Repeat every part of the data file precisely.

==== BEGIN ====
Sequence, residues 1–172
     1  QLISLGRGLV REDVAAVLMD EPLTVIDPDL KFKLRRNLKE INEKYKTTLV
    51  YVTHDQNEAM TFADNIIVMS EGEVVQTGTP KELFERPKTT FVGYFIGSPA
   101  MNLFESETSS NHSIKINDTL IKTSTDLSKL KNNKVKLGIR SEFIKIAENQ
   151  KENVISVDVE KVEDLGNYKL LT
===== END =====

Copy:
Sequence, residues 1–172
     1  QLISLGRGLV REDVAAVLMD EPLTVIDPDL KFKLRRNLKE INEKYKTTLV
    51  YVTHDQNEAM TFADNIIVMS EGEVVQTGTP KELFERPKTT FVGYFIGSPA
   101  MNLFESETSS NHSIKINDTL IKTSTDLSKL KNNKVKLGIR SEFIKIAENQ
   151  KENVISVDVE KVEDLGNYKL LT